You may have noticed your loved one struggling to remember names or misplacing items and wondered if it’s part of the normal aging process or a sign of dementia. In the earliest stages of dementia, most people still are able to perform basic activities of daily living, but problems with forgetfulness or concentration gradually become more noticeable.
Early warning signs of Dementia may include:
- Misplacing items without being able to retrace your steps to find them
- Difficulty with planning or performing routine tasks
- Slight trouble managing finances, such as balancing a checkbook
- Confusion while driving
- Trouble managing medications
- Inability to find the word to communicate or holding a detailed conversation
- Trouble following detailed steps of something, such as a recipe
When these symptoms become severe enough to interfere with everyday activities, it’s wise to discuss your concerns with their doctor.
Practical tips for living with dementia
Symptoms progress differently for each individual, and there are things your loved one can do right away—such as eating well, exercising, and eliminating bad habits such as smoking— to keep their brain and body as healthy as possible for as long as possible. Consult a physician about medications that may be able to help slow the progression of the disease. There are some other things you and your loved one can do to help make living with dementia a little easier:
- Learn as much as you can about the disease, its symptoms, and how to help your loved one manage their health.
- Encourage them to keep a journal or memory box of things they want to remember.
- Find other, possibly new ways to express themselves, such as music, photography, or visual art.
- Help your loved one use wall calendars and planners to keep their days organized.
- Recommend that they put their keys and cell phone in an obvious, consistent place.
- Leave “sticky notes” in strategic places around the home as reminders.
- Label storage, drawers, and cabinets.
- Permanently post important phone numbers by the phone.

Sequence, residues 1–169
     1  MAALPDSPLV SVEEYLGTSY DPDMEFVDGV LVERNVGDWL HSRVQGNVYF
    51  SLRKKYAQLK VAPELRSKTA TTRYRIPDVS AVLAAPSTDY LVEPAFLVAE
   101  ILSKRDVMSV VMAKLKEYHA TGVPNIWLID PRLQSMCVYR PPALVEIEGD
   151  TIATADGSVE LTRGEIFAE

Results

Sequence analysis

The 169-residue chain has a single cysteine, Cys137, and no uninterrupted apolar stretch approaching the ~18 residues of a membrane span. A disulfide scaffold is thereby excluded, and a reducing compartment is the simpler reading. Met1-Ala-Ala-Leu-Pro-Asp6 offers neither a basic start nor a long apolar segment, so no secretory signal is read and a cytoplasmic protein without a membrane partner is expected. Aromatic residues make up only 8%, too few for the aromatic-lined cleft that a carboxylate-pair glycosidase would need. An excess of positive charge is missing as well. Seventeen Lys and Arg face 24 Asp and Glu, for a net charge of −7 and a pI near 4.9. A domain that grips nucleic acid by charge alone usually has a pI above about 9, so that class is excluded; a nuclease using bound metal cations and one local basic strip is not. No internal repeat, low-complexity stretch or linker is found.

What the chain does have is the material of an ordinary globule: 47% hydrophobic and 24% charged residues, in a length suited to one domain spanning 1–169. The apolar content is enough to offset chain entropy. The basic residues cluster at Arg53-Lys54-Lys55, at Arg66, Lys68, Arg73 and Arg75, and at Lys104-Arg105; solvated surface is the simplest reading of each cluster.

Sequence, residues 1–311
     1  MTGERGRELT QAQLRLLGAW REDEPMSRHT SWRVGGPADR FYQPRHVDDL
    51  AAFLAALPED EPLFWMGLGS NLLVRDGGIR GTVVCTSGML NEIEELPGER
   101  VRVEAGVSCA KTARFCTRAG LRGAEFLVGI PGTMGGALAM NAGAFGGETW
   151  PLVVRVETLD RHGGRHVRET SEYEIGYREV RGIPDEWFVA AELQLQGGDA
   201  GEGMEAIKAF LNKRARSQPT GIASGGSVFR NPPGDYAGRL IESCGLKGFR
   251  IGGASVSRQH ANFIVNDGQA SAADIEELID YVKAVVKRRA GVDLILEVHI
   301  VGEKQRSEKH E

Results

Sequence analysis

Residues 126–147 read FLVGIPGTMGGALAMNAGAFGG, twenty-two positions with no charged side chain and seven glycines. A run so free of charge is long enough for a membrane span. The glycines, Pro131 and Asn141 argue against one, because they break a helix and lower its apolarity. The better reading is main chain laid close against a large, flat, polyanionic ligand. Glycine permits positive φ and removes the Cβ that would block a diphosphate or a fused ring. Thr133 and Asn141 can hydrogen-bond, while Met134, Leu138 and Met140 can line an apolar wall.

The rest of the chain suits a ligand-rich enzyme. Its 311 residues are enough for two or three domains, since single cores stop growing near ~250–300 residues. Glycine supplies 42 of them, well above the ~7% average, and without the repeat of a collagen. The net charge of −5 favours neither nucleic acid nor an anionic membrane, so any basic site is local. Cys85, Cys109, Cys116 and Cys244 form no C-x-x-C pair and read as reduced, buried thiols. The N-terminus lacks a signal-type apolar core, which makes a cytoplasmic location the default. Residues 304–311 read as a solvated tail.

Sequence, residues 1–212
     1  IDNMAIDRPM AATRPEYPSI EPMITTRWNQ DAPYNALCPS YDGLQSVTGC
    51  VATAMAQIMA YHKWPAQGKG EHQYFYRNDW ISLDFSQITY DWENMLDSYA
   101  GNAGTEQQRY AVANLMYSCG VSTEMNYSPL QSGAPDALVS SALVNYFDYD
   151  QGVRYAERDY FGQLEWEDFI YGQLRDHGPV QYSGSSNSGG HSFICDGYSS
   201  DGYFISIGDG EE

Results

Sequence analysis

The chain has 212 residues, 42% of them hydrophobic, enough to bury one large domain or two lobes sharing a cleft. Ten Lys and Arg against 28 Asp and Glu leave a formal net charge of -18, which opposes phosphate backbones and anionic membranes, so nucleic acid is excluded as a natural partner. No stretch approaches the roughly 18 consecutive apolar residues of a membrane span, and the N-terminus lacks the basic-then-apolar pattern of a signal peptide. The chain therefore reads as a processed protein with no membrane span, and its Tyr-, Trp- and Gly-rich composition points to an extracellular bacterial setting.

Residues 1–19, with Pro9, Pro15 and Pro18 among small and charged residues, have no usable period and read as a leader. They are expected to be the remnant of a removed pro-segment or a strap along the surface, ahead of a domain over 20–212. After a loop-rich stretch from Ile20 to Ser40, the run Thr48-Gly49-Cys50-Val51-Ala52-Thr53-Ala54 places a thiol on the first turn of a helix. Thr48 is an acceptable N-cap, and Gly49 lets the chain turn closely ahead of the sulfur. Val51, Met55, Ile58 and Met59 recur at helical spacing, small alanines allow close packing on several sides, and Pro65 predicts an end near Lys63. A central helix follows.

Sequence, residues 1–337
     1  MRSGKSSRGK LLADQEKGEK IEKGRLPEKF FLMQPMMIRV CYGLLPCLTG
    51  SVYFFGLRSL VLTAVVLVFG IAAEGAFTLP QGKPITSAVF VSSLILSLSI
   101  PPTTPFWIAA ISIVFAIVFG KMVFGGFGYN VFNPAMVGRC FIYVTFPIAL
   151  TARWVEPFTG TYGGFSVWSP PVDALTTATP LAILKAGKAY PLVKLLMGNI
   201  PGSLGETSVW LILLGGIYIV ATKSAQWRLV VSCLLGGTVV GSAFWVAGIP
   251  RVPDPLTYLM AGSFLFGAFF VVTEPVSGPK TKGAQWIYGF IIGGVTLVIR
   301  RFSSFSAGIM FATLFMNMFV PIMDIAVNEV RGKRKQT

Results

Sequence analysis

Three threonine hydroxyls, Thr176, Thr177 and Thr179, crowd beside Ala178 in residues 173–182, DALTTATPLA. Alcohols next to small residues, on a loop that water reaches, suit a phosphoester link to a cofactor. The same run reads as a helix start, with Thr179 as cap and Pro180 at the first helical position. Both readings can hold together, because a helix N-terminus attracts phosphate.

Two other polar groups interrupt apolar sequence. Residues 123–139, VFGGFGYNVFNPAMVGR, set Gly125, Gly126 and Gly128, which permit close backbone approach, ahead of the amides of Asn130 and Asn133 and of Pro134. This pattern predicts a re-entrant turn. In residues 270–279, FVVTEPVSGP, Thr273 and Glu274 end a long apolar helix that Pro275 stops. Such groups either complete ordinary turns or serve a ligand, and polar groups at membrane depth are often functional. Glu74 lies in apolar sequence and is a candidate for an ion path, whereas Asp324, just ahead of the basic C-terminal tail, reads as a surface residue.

- Program names and telephone numbers into the phone.
- Help set up household bills to be paid automatically by their bank’s bill payment service or by direct debit.
- Remove trip hazards and install safety devices such as nightlights, fire extinguishers, and smoke and carbon monoxide detectors.
- Set up an alarm and a pill organizer to remind them to take their medication.
Social activity tips
It can be easy to become socially isolated and depressed with a new diagnosis of dementia. If your loved one is in the earlier stages and is capable of participating in everyday activities, encourage them to:
- Plan special outings and regular opportunities to spend time with family and friends
- Take that trip they’ve always wanted
- Keep themselves occupied with hobbies or projects they enjoy
- Develop a regular routine of exercise and other activities that gets them out of the house and around other people
- Get out in nature more often
- Volunteer in their community
- Join a local support group for people with dementia and/or their families
- Seek individual and/or family counseling
- Talk to a member of their spiritual community
- Participate in activities for people with memory loss
- Join online communities of people with dementia or people with similar interests.
Whether or not your loved one’s dementia advances quickly or slowly, it is a progressive disease, so making the right decisions today can have a great effect on their future. You may want to consult a financial advisor, elder care attorney, aging life care specialist, or other professional to help you and your loved one make decisions about their finances, will, power of attorney, health care, and aging-in-place choices. It’s better to explore these options together before their symptoms become too advanced.
You are not alone
A dementia diagnosis can be scary, but it’s important to remember that you and your family are not alone. Home care services that help with activities of daily living—including personal care and assistance with laundry, meals, and other home needs—are a very popular solution to support people with dementia and their families on an ongoing basis. Specially trained, compassionate, professional caregivers can provide the companionship, peace of mind, and help your loved needs to live well and stay safe and independent in the comfort of home for as long as possible.
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